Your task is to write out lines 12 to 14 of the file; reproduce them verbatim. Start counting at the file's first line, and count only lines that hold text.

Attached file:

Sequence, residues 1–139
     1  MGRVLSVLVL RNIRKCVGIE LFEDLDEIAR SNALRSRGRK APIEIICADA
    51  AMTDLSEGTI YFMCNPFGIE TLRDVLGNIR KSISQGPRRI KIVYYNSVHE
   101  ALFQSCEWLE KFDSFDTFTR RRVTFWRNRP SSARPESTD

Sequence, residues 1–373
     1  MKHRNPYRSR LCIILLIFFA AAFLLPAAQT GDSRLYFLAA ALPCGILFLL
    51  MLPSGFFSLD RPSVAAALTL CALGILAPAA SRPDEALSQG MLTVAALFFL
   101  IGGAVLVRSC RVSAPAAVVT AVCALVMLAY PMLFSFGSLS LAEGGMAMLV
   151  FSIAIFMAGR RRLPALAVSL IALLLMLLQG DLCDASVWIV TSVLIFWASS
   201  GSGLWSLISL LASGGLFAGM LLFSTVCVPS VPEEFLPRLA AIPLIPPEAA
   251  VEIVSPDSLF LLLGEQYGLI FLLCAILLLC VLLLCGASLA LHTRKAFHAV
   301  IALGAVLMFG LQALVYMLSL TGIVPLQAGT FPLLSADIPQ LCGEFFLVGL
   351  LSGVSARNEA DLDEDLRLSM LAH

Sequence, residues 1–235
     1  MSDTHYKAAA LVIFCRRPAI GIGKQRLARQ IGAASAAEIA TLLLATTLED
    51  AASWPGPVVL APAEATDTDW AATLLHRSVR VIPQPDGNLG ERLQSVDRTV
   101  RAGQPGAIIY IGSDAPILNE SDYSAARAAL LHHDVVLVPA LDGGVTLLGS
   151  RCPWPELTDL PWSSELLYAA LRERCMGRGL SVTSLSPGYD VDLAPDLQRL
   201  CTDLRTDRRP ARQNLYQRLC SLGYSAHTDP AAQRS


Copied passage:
   301  IALGAVLMFG LQALVYMLSL TGIVPLQAGT FPLLSADIPQ LCGEFFLVGL
   351  LSGVSARNEA DLDEDLRLSM LAH

Sequence, residues 1–235